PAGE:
1. Heat olive oil in a nonstick pan. Add chicken and cook over medium heat 6 to 8 minutes, until lightly browned. Add garlic and thyme and cook 30 seconds more. Remove chicken from pan and keep warm.
  2. Add broccoli to pan and saute for 30 seconds. Add 1/2 cup hot water and cover. Cook about 4 minutes, until broccoli is slightly soft. Bring a large pot of lightly salted water to a boil. Add pasta and cook according to package directions.
  3. Add chicken to broccoli and remove pan from heat. When pasta is done, drain and add to pan. Stir and sprinkle with cheese.


2.  Linguine With Shrimp, Tomatoes, Olives, and Capers

Prep: 10 minutes; Cook: 20 minutes
Yield: 4 servings (serving size:  1  3/4 cups)

Running Health MealNutritional Information:

Calories per serving:   410
Fat per serving:   8g
Saturated fat per serving:   1g
Monounsaturated fat per serving:  5g
Polyunsaturated fat per serving:  1g
Protein per serving:   25g
Carbohydrates per serving:   58g
Fiber per serving:   3g
Iron per serving:  5mg
Sodium per serving:   448mg



12 ounces large shrimp, peeled and devined (about 16)
1/4 teaspoon salt    (or salt to taste)
1/8 teaspoon freshly ground black pepper
2 tablespoons olive oil
4 garlic cloves
10 ounce uncooked linguine
1 cup canned diced tomatoes, undrained
1/2 cup clam juice
1/4 cup pitted kalamata olives, halved
2 tablespoons capers
1/2 cup chopped Italian parsley

1. Bring a large pot of water to a boil.  Season shrimp with salt and pepper.  Heat olive oil in a large nonstick skillet over medium-high heat.  Add garlic;  cook 1–2 minutes or until golden.

2. Add linguine to water; cook 11 minutes or until al dente.  Add shrimp to skillet, and cook on high 2–3 minutes or until golden. Transfer garlic and shrimp to a plate; cover with foil to keep warm.

3. Add tomatoes and next 3 ingredients (through capers) to skillet; cook 5–6 minutes or until reduced by half. Stir in shrimp and garlic and two-thirds parsley. Drain pasta; return to pot. Toss shrimp and sauce with pasta. Transfer to a serving platter, and garnish with remaining parsley.


3.  Vegetable Lasagna

Yield:  Makes 8 servings

Running Vegetable Lasagna Meal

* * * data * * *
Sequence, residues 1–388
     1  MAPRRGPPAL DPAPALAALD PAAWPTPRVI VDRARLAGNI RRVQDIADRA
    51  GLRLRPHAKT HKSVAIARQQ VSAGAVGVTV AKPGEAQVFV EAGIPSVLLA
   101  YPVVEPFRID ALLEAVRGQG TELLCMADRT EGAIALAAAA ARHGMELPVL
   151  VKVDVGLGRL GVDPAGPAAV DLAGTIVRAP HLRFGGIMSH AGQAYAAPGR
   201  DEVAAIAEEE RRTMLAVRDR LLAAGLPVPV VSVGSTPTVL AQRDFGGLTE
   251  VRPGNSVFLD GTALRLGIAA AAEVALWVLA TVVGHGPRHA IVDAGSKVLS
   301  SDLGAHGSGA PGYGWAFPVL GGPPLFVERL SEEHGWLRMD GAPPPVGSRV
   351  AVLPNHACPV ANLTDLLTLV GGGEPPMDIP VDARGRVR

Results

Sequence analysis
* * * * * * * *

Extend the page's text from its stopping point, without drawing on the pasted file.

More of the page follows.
Nutritional Information:

Calories per serving:   360
Fat per serving:   4.5g
Saturated fat per serving:   2g
Monounsaturated fat per serving:  3.5g
Polyunsaturated fat per serving:  1g
Protein per serving:   16g
Carbohydrates per serving:   62g
Fiber per serving:   7g
Iron per serving:  2mg
Sodium per serving:   435mg



7 oz lowfat goat cheese
1/3 cup chopped pitted black olives
1 tbsp chopped fresh thyme
1/2 tbsp dried basil
1/2 tbsp dried oregano
2 tsp minced garlic
4 cups prepared pasta sauce (low sodium)
1 lb whole-wheat lasagna
Freshly ground black pepper
2 small zucchini, diced
2 small summer squash, diced
3/4 cup bottled roasted red pepper, diced
1/4 cup grated Parmesan


1.  Heat oven to 375°F.

2.  Mix goat cheese, olives, thyme, basil, oregano, and garlic in a bowl; season with salt and pepper.

3.  Spread 1 cup pasta sauce on the bottom of an 8" x 11" baking dish. Add one layer of lasagna and season with black pepper.

4.  Add a layer of zucchini, squash, and red pepper. Dollop spoonfuls of goat cheese mixture over vegetables and spread to cover. Repeat layers.  Finish with pasta and sauce.

5.  Sprinkle Parmesan on top, cover with foil and bake 40 minutes.

6.  Uncover and bake 5 minutes or until top browns. Let stand 10 minutes; serve.



Which pre-race meals do you usually prepare or eat before a half-marathon/marathon and how well does your body perform with this meal on race day?





Leave a Reply

Your email address will not be published. Required fields are marked *

+ 1 = 3

You may use these HTML tags and attributes: <a href="" title=""> <abbr title=""> <acronym title=""> <b> <blockquote cite=""> <cite> <code> <del datetime=""> <em> <i> <q cite=""> <s> <strike> <strong>